Toronto. This report is a review of our May, 2017 presentation on Edwin Thomas Haynes (come out this September 20th to our next presentation). The story and selected photographs by Edwin Haynes were presented by his grand nephew and photographer Bruce Hodgson. In attendance was Bruce’s daughter, Lizz Hodgson. Bruce told an enchanting tale of this seldom mentioned Canadian photographer born in Cheltenham, England near the border with Wales late in 1876.
Barely two years old, Haynes emigrated to Canada with his parents, settling in Toronto. In early 1910 he married a miss Earla Stouffer in Stouffville. On their honeymoon the couple took a world wide tour and photographs. Included were a visit to Edwin’s birth place in Cheltenham, North Africa, the Mediterranean, and Gibraltar. Back in Canada, Haynes settled briefly in Chesley, Ontario (my father’s dining room set was made by Krug in Chesley from American grown Walnut). Haynes eventually moved home to Toronto where his son Edward was born. Shortly afterwards, the little family travelled west, with Edwin taking photographs along the way.
Haynes was relatively short lived, falling victim to the world-wide Spanish Flu epidemic of 1918. Initially the Toronto influenza victims were buried in a mass grave site. Once it was known that the bodies did not carry the deadly flu virus, his was exhumed and reinterred in Prospect cemetery. Haynes’s widow and son moved to BC leaving Edwin’s box of slides with Bruce’s father in Toronto. Sadly Edwin’s widow died in BC in childbirth and four year old Edward was sent alone by train to his aunt May and her son, Russel Hodgson in Toronto. Edward grew up in Toronto as the son of his aunt. On his death, his father’s cherished wooden box passed on to Lizz’s father.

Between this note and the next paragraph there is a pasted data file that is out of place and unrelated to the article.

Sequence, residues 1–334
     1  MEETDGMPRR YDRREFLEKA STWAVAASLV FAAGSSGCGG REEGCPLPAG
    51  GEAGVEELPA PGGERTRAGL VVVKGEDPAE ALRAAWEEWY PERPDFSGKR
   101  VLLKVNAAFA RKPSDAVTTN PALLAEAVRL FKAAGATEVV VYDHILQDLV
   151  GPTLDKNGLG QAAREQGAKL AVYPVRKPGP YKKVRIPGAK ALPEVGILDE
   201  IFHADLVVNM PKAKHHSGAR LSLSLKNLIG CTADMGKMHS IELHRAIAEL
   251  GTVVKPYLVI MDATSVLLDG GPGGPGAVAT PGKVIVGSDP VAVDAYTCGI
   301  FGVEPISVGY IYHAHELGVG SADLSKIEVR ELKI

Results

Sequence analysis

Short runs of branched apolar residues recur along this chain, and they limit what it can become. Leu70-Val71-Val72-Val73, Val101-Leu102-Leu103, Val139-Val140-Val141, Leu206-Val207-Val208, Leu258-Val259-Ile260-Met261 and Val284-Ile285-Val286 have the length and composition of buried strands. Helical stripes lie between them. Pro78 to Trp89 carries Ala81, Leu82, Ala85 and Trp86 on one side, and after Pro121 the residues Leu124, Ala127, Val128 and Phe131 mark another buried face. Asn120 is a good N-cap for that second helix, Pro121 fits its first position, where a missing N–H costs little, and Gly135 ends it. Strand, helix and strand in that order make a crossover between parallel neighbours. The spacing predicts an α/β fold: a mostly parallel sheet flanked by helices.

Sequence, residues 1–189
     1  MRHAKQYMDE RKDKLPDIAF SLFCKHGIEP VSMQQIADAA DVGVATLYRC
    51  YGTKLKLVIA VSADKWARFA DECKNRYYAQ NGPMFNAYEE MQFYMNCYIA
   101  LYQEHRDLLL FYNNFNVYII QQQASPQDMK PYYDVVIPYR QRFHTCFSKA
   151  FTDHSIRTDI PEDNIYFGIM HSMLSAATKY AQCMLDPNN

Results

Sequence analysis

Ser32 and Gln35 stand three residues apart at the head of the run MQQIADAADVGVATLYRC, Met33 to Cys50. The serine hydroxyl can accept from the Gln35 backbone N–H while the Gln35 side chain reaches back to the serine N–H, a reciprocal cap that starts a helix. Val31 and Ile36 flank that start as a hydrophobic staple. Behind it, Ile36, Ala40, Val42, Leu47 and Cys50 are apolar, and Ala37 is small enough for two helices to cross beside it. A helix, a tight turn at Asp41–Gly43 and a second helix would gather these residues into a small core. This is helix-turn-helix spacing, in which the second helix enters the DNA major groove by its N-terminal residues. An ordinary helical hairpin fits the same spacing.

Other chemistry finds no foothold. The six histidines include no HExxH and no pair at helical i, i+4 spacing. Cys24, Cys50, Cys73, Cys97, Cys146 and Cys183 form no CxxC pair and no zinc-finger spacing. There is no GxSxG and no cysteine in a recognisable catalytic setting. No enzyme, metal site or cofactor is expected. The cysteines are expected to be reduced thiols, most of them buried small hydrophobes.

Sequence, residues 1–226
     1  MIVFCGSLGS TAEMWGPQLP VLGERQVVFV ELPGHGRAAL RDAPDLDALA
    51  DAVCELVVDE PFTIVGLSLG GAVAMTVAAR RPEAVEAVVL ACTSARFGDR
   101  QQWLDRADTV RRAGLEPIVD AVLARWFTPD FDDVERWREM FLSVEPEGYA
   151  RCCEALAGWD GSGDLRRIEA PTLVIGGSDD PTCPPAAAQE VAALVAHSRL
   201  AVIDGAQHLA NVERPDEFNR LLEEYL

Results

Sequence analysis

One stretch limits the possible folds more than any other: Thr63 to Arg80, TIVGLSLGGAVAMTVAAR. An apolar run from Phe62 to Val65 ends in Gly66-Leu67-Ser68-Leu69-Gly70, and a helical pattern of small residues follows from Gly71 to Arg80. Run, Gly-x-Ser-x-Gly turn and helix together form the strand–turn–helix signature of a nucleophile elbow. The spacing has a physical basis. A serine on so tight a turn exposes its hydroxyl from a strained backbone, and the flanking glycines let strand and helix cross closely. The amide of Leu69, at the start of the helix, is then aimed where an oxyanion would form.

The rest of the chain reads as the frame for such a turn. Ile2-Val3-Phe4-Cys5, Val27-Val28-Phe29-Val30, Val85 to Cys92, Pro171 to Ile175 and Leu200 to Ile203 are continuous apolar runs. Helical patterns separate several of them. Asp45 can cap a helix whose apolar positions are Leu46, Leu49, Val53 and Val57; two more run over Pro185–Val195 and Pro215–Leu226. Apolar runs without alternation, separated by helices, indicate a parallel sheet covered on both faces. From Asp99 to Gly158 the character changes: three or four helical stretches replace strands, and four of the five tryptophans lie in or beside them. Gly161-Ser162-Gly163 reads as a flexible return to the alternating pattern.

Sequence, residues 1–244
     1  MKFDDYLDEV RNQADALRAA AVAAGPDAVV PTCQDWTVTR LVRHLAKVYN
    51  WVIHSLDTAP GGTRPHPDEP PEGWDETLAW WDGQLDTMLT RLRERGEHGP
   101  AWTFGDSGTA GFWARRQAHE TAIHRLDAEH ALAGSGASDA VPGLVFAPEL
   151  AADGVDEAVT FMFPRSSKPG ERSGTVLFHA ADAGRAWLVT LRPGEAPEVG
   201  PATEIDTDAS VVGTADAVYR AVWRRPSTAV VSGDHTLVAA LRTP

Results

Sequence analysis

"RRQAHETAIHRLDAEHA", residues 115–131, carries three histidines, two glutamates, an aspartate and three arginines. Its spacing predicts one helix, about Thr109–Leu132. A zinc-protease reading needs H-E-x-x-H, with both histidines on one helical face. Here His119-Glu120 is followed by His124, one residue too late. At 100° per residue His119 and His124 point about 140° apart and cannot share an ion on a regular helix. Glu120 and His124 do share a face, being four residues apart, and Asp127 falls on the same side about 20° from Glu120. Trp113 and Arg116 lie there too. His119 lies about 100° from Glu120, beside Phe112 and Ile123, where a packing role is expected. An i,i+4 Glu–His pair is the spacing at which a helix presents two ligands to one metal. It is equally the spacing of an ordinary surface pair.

Some of Haynes’ photographs had been reduced to carefully assembled glass slides, complete with a cover glass and tape binding to make them air-tight. The slides were housed in the wooden box that accompanied both Haynes and his relatives as they moved from place to place over the years.
Bruce Hodgson decided to open the old wooden box one day. He looked at a sampling of the 200 slides the box contained and to his surprise, they were technically well exposed and artistically framed. Bruce selected some 70 slides and created digital images from them. He used Photoshop to clean them, make any minor adjustments, and add identifying cut lines making them suitable for presentation. Following are a few examples.
Research to date shows that Haynes had photographic studios in various towns. He was a member of the Toronto Camera Club, but doesn’t appear in Lilly Koltun’s epic 1983 book on amateur photography in Canada from 1839 – 1940, Private Realms of Light. A few of the slides shown tonight were possibly taken by others and copied by Haynes for his collection.
Bob Wilson noticed a few slides, including a photo of Vancouver’s Railway Station, were half of a stereo pair in his personal collection. A lively discussion wrapped up the evening. Some members promised to assist the Hodgson family in its pursuit of the images of Edwin Haynes.